Vacations in the nature of the mind


Written By Damien Brohon

Damien Brohon is an artist, a teacher and an author. He has been studying and practicing Buddhism and Dzogchen for 30 years.

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In this article “Vacations in the nature of the mind”, Damien explains how Dzogchen practice reveals that sensations show the luminous nature of the mind.

Vacations in the nature of the mind

The sea breeze, charged with humidity and infinity, caresses the face. The thousands of particles of sand that scorch the feet before they are cooled and lightly sucked up by a puddle of seawater. Above the head, the “serene irony” of the “eternal azure”[1]. An over-sweet fizzy drink whose lemon taste so intensely – so wonderfully – chemical, radiates to the back of the throat. A caramelized smell that evokes childhood memories. The cries of the games dispersed by space. These tinted glasses that soothe the sun’s fire while gently derealizing the spectacle of this beach and its humans in swimsuits. These offer a beautiful chromatic variety to the eye: their skins testify to the more or less advanced stages of cooking depending on the time spent on vacation. Just as my mind – floating from one sensation to another – at this moment is vacant. These two terms come to us from the Latin vacare and evoke the void left by the temporary cessation of professional activity. Depressing emptiness for workaholics, but often appreciated by others. Perhaps because it allows us to be available in a light, free and hedonistic way to our sensations without having to make something useful out of them right away.Vacations in the nature of the mind

“letting the sensations unfold naturally without doing anything special with them. Neither fixation nor rejection. Let them be what they are. To see their ephemeral and elusive character.”

The first rays of dawn wake me up with their soft and powerful golds. For a moment I don’t know if this is a dream or reality. I sit in my bed to begin meditation, at the same time as the freshness and the woody scent of the cabin impose themselves on me, telling me that I am not in my usual place of life but taking advantage of my holidays to do a retreat. I feel the morning energy of the body – different from the evening feeling – even though I’m still a little numb. After some time, I get up, open the window and discover – from the top of the hill where my temporary hermitage stands – a forest of a thousand shades of gold. From it emanates the marvelous song of a choir as incredibly multiple and diverse as it is invisible. Indeed, the winged inhabitants of this place have just awakened too, and it is as if the empty and luminous space of the sky were celebrated by its familiars. In a secluded retreat, with no work to do, no one to talk to, no cell phone… sensations take up a lot of space because nothing comes to distract us from them. And that’s part of the practice: letting the sensations unfold naturally without doing anything special with them. Neither fixation nor rejection. Let them be what they are. To see their ephemeral and elusive character.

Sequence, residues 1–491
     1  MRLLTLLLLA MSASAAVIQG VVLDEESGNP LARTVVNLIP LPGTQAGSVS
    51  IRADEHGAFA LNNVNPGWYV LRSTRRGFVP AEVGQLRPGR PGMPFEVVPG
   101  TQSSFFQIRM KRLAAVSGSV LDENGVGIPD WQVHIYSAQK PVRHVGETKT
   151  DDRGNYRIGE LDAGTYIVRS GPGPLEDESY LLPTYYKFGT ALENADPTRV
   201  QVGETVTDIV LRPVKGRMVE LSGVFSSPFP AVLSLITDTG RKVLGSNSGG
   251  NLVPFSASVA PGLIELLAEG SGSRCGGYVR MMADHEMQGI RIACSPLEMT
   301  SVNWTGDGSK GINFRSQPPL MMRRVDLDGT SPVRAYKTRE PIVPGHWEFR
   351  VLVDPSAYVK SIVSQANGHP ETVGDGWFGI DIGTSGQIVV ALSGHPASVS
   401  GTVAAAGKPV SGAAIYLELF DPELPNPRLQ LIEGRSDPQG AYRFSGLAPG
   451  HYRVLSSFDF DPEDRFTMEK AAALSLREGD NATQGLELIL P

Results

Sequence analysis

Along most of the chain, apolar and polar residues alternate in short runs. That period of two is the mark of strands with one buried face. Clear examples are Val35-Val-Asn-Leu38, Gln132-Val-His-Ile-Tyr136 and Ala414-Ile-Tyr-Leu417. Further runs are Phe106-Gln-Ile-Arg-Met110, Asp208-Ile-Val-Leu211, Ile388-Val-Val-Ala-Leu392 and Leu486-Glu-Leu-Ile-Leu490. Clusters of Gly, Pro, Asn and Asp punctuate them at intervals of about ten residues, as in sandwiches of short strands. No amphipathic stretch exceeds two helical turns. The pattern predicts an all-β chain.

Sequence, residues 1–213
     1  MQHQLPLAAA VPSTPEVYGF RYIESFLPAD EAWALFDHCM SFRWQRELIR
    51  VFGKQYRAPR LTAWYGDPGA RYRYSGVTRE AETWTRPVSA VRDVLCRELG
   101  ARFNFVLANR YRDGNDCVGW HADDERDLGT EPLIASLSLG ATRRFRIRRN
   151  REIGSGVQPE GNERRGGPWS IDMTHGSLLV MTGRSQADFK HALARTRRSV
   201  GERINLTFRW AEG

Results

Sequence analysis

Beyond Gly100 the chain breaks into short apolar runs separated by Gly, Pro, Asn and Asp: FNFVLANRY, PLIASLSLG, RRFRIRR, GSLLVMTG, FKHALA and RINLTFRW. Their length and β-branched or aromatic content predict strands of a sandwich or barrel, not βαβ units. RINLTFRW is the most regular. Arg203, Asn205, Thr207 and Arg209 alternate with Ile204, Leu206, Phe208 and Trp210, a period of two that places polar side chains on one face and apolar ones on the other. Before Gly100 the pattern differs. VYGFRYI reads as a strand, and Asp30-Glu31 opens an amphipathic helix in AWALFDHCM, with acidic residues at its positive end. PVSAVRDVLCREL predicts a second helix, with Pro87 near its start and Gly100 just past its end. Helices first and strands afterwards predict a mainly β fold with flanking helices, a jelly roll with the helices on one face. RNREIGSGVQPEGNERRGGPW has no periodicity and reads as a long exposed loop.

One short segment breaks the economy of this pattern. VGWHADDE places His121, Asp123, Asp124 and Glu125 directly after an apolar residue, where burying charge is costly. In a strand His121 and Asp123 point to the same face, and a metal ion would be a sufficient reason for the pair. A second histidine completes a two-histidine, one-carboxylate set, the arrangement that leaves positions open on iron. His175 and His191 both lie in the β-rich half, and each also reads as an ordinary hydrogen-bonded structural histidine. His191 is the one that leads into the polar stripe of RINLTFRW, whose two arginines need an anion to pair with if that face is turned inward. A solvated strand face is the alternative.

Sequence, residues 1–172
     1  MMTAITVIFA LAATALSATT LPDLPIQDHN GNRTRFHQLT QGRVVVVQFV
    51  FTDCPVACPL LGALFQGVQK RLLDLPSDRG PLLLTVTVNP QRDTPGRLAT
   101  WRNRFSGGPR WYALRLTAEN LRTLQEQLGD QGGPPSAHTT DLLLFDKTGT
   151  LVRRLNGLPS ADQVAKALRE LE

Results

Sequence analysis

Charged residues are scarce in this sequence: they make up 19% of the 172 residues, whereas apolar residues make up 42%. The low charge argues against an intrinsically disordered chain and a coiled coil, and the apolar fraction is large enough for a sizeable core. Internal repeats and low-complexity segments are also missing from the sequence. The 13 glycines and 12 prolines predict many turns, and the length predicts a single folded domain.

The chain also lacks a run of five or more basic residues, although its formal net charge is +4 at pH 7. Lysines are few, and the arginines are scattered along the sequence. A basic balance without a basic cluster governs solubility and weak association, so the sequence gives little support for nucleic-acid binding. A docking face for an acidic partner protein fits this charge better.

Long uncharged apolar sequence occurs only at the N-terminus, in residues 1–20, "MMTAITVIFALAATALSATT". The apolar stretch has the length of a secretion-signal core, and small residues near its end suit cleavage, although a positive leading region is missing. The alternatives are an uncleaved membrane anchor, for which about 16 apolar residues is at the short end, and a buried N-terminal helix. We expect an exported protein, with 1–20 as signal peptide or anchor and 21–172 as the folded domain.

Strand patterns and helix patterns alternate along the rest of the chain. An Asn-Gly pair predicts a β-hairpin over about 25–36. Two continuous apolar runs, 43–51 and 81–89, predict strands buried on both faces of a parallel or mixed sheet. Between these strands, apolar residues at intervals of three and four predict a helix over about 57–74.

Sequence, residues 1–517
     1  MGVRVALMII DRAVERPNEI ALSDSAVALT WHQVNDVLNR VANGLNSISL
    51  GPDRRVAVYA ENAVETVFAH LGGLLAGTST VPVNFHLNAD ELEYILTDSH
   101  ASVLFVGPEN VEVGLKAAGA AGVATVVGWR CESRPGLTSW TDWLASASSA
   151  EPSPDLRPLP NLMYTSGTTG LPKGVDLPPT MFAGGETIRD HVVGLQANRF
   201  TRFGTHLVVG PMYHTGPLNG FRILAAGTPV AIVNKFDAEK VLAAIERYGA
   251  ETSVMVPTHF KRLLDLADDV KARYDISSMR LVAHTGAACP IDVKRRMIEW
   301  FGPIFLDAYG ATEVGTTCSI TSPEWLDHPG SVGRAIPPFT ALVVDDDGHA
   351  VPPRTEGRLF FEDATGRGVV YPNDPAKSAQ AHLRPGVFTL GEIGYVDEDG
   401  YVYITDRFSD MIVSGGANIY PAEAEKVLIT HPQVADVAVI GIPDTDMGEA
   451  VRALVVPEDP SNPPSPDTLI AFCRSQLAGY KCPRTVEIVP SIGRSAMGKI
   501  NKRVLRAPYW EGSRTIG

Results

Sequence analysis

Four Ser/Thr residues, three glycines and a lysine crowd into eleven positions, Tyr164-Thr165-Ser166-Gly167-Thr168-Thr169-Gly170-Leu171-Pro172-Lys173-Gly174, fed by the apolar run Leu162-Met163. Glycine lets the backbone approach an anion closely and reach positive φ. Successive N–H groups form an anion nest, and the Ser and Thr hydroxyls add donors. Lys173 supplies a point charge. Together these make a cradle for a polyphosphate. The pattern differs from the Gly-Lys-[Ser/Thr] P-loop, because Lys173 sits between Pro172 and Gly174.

dzogchentoday-Vacations in the nature of mind
Feelings are always like that… not just on vacation, not just in meditation, not just during a retreat… Only, usually, we identify these feelings and we bring them back to concepts: this form with four legs is that of a table; this smooth, rounded object that I feel in my hand is a cup; the green that lights up in front of me is pleasant because it means that I can cross the street. In other words, from sensations we make concepts. We put pure sensation at a distance, in its richness and its infinite novelty, to prefer the usual fixed benchmarks of concepts. However useful they may be from a pragmatic point of view, they are ultimately only a representation of reality and not reality itself. This conceptual filter masks what the practice of Dzogchen reveals: when one is fully present to the sensation without weighing it down with commentary or ratiocination, it appears as


the radiant dynamics of the infinitely open and luminous nature of the mind; its deployment free from all fixation manifesting itself as

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the internal dynamic of the mind and the luminous capacity of primordial knowledge, and as


the ornament, the sensation, as the very manifestation of the absolute.

The absolute does not abide in some inaccessible space, but is held at the heart of each of our sensations, whether modest or spectacular, pleasant or unpleasant, whether we are in retreat or at work. The practice helps us to establish and stabilize this recognition at all times, places and circumstances and thus offers us a vacation in the deepest sense of the word. Vacations in the nature of the mind.

[1] Stéphane Mallarmé. BACK

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